Remember, the intensity of your observance can be tailored to your personal circumstances and health. The key is to approach Ekadashi with a sincere heart and a commitment to inner growth.

Celebrating Throughout the Year

Ekadashi offers 24 opportunities throughout the year to pause, reflect, and reconnect with the divine. As you observe these sacred days, you’ll cultivate self-discipline, inner peace, and a deeper connection to the divine force. Let Ekadashi be a stepping stone on your spiritual journey, guiding you towards a life filled with purpose and inner light.


Ekadashi is a beautiful tapestry woven with traditions, rituals, and a deep yearning for spiritual growth. As you embark on this journey through the 24 Ekadashis, embrace the opportunity to purify your mind, body and soul through fasting, prayer, and introspection for self-discovery and connect with the divine essence within you. Remember, even small steps towards a more mindful and compassionate existence can have a profound impact on your life and the world around you.

Frequently Asked Questions

  1. What is the significance of Ekadashi?

Ekadashi holds immense spiritual significance in Hindu culture, symbolizing purification and spiritual enlightenment.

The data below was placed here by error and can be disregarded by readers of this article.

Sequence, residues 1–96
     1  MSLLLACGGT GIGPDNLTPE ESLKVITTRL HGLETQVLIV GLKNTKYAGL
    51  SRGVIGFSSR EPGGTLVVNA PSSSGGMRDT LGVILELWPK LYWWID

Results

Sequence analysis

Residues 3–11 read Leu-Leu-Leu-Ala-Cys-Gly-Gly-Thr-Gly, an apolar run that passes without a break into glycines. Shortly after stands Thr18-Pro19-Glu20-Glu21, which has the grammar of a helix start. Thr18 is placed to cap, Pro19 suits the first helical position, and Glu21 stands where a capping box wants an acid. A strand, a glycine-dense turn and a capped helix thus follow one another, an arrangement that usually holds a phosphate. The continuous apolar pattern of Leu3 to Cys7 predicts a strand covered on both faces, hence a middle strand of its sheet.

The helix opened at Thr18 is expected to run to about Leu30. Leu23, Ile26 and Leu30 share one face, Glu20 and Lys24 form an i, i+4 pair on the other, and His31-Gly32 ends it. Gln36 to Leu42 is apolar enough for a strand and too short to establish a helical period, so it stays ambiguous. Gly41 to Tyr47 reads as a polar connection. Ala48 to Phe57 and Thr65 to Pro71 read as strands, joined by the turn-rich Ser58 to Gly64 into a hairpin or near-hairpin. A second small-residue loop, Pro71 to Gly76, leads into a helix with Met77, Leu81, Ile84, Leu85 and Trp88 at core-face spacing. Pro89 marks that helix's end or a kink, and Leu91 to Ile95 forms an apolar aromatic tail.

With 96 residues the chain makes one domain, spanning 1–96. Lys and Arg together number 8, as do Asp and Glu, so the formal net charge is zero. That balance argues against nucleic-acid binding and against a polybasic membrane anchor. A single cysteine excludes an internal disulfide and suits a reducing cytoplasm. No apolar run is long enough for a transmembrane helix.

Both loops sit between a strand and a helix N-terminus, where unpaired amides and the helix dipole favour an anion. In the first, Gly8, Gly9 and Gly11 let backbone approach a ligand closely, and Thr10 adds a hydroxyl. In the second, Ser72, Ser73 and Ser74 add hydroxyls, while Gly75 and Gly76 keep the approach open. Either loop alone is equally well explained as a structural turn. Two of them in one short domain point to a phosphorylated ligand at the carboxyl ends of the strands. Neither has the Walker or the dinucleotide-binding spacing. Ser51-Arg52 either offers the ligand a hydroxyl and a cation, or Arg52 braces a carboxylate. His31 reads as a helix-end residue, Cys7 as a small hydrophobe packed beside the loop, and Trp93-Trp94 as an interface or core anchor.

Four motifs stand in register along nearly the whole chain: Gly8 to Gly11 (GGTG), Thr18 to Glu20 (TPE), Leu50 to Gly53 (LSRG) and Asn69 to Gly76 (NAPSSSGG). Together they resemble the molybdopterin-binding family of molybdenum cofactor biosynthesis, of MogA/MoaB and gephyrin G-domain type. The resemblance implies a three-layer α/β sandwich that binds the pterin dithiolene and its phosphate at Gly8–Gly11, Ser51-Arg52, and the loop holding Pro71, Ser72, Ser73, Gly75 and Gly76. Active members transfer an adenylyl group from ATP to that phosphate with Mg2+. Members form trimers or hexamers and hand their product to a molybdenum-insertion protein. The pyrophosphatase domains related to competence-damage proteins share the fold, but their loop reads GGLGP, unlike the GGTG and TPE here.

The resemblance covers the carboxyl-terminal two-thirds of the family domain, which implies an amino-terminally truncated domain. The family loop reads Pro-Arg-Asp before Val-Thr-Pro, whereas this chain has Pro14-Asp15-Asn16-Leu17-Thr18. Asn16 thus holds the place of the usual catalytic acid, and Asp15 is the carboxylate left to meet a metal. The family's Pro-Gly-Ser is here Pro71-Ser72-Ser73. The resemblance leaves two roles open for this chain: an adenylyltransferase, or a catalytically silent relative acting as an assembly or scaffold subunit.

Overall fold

1. Can anyone observe Ekadashi fast?

Yes, anyone can observe Ekadashi fast, regardless of age or gender, provided they are in good health.

  1. Are there any exceptions to fasting on Ekadashi?

Pregnant women, elderly individuals, and those with medical conditions are exempt from strict fasting rules on Ekadashi. They can opt for partial fasting or alternative practices.

  1. How does Ekadashi benefit health?

Fasting on Ekadashi detoxifies the body, improves metabolism, and promotes mental clarity. It offers various health benefits, including weight loss and improved digestion.

  1. Can Ekadashi be observed in different ways?

Yes, Ekadashi can be observed in various ways, including strict fasting, partial fasting, meditation, and charity. Devotees can choose the method that aligns with their spiritual beliefs and health conditions.